If you think getting your period is a pain, imagine getting it in prison. “The lack of sanitary supplies is so bad in women’s prisons that I have seen pads fly right out of an inmate’s pants,” Chandra Bozelko writes in The Guardian of the wingless, small, and not-so-adhesive pads female inmates are given. Bozelko spent six years at York Correctional Institution in Connecticut, where bunkmates received five pads per week to split. (They’re also used off-label as makeshift shower shoes to avoid fungus and mold, as eye masks in facilities with constant bright lights, and as cleaning supplies.) But even when inmates save them, with only ten per month, they can expect to wear a single pad for multiple days.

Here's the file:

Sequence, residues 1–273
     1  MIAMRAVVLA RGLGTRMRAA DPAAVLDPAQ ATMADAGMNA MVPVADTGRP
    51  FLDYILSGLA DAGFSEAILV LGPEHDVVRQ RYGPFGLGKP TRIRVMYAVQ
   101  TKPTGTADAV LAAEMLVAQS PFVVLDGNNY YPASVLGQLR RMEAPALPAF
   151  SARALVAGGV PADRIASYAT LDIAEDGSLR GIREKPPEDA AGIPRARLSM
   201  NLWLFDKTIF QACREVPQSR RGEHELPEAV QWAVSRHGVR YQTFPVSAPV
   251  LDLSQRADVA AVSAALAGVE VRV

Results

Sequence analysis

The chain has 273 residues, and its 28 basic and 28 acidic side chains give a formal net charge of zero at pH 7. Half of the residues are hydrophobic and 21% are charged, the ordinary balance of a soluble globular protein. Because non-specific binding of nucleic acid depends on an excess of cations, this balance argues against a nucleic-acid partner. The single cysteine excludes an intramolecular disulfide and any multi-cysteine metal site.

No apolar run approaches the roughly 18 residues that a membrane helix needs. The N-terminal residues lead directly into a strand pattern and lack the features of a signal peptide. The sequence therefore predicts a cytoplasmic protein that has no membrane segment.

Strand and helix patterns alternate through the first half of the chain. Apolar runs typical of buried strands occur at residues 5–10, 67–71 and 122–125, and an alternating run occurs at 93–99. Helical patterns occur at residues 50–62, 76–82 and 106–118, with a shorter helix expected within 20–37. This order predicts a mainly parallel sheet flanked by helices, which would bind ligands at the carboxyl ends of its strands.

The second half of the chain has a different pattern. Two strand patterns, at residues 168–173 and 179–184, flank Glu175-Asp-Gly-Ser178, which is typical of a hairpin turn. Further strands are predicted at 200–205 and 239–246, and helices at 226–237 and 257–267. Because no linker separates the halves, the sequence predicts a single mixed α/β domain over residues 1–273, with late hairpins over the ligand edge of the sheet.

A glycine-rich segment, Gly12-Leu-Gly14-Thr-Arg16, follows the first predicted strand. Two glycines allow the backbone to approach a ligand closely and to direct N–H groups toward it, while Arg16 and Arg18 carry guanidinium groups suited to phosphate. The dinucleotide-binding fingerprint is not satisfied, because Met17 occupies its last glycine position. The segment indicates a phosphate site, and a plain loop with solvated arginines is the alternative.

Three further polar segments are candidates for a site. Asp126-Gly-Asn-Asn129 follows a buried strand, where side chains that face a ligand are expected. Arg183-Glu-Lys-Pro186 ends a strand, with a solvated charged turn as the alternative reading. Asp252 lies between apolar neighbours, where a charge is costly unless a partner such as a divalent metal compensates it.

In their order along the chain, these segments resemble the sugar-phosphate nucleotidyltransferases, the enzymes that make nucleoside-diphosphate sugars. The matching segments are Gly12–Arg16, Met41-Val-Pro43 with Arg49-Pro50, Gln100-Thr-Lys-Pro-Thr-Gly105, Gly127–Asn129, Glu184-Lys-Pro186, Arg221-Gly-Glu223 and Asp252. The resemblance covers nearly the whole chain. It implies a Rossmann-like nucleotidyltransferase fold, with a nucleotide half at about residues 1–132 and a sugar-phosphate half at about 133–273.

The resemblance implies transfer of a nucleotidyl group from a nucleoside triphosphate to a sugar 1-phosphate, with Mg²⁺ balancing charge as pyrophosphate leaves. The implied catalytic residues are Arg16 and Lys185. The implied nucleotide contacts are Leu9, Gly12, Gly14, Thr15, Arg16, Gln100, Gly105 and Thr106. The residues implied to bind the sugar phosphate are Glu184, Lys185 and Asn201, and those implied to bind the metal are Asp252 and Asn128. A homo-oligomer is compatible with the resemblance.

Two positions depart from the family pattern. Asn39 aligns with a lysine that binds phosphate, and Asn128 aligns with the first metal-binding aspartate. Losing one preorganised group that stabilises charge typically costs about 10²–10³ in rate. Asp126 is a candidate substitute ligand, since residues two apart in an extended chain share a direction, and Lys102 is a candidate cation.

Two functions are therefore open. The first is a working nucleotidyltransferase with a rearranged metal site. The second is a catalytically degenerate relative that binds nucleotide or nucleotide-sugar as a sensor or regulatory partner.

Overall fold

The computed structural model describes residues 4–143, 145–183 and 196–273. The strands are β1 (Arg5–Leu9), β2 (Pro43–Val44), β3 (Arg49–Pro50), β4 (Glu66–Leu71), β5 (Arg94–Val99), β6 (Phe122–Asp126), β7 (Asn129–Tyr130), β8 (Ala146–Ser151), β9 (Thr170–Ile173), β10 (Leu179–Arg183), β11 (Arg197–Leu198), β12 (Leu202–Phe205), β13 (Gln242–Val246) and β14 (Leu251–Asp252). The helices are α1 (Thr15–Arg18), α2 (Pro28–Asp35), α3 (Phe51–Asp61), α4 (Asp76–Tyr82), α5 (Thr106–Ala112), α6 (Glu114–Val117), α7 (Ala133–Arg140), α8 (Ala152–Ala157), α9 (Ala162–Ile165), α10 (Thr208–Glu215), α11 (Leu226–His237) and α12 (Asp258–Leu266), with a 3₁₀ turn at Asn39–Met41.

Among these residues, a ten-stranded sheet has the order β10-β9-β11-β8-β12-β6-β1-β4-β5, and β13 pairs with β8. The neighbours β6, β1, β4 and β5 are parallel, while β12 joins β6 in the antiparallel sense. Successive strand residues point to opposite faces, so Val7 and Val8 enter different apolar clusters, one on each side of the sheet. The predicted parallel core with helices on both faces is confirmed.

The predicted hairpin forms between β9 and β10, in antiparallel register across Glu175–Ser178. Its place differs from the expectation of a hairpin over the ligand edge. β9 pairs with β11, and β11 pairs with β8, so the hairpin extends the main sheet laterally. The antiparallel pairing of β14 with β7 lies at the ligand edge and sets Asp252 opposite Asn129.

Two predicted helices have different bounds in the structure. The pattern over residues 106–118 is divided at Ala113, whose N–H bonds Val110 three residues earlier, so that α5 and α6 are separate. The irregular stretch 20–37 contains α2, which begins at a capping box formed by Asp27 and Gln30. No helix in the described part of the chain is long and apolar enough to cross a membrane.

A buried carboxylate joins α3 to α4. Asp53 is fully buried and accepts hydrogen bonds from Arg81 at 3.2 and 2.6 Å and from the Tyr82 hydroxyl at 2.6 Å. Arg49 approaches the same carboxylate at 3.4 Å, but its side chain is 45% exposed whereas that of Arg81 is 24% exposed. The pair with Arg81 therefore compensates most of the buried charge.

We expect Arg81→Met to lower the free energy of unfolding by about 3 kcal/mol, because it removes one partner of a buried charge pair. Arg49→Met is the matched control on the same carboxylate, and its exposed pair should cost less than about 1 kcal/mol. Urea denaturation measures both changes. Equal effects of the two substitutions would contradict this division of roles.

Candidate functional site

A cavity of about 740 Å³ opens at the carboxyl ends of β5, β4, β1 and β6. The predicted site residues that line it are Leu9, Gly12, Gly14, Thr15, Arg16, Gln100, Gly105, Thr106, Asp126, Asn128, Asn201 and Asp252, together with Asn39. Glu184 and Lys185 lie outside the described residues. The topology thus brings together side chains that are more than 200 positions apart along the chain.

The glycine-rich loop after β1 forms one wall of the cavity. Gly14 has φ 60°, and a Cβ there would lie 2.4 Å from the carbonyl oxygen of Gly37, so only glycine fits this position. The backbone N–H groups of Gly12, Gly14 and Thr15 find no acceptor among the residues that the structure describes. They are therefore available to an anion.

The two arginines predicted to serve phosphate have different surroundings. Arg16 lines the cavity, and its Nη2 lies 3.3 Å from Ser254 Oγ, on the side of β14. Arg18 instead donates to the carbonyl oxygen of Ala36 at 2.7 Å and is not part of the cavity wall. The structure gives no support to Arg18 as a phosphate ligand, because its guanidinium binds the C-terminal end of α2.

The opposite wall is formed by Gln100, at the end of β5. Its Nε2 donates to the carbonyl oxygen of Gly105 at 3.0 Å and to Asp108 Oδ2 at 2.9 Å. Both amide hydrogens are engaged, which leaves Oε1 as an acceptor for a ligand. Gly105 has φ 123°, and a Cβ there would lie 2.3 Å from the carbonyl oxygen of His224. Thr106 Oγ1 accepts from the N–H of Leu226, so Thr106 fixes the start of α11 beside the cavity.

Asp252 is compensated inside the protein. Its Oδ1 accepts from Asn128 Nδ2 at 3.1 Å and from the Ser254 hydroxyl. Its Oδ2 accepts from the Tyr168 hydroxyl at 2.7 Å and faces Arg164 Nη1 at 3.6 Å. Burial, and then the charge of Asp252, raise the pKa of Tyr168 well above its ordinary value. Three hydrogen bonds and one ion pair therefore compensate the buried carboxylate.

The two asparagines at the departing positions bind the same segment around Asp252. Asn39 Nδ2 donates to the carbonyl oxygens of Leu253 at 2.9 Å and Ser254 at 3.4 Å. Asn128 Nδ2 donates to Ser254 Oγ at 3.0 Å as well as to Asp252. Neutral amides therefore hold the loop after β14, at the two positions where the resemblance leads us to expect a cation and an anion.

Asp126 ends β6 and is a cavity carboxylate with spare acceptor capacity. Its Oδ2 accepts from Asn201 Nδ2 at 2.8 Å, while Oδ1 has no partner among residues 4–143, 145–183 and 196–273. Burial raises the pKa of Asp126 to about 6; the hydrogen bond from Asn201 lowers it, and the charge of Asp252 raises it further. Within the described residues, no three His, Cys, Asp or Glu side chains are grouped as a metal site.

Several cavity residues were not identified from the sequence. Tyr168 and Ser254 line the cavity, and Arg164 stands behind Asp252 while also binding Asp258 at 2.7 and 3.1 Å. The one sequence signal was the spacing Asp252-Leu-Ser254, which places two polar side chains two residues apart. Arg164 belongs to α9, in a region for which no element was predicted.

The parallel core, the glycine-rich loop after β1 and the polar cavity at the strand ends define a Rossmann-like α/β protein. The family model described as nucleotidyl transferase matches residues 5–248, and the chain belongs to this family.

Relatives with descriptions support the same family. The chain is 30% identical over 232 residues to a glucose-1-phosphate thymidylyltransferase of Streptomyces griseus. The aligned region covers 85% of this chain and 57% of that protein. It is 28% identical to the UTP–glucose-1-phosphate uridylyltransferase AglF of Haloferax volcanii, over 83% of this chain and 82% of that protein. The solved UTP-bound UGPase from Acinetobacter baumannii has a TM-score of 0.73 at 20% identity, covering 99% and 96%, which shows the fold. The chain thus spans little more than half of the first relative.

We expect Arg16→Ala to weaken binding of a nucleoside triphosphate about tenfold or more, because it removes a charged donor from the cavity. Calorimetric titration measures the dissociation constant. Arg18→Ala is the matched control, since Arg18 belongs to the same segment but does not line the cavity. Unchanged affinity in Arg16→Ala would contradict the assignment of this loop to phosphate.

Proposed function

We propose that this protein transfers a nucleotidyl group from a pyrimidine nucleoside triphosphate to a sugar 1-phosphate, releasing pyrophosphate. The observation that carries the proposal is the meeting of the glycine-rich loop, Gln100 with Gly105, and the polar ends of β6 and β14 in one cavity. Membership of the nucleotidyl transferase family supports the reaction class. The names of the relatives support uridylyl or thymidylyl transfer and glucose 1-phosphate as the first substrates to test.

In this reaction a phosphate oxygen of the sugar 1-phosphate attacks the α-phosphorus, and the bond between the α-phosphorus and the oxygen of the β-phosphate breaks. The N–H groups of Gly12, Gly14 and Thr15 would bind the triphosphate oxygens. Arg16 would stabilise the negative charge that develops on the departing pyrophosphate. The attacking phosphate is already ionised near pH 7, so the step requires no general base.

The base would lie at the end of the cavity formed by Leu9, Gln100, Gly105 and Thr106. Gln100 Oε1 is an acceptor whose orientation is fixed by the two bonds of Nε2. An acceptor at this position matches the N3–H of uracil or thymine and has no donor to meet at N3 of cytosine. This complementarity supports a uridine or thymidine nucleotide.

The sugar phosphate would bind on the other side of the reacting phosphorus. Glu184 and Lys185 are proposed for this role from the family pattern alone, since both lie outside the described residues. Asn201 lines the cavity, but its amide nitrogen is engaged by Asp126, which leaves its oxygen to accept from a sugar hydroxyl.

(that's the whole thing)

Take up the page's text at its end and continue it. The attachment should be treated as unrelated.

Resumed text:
Bozelko avoided the problem by fashioning a diaper with six pads quilted together after purchasing extras from the commissary. But most inmates can’t afford to buy pads ($2.63 for a 24-pack) when they’re spending the 75 cents they earn for a day’s work on other necessities like deodorant (which costs $1.93, three days' pay), toothpaste ($1.50, two days' pay), or food that’s more edible than what’s offered in the dining hall. At some prisons, prices are higher, with eight tampons costing $4.23 thanks to a privatized commissary. But even when inmates have the money to buy feminine hygiene supplies, commissaries routinely understock and women are left waiting for a week or two, rendering the pads irrelevant for another month. Toilet paper is also rationed, so crafting homemade toilet-paper pads means forgoing wiping.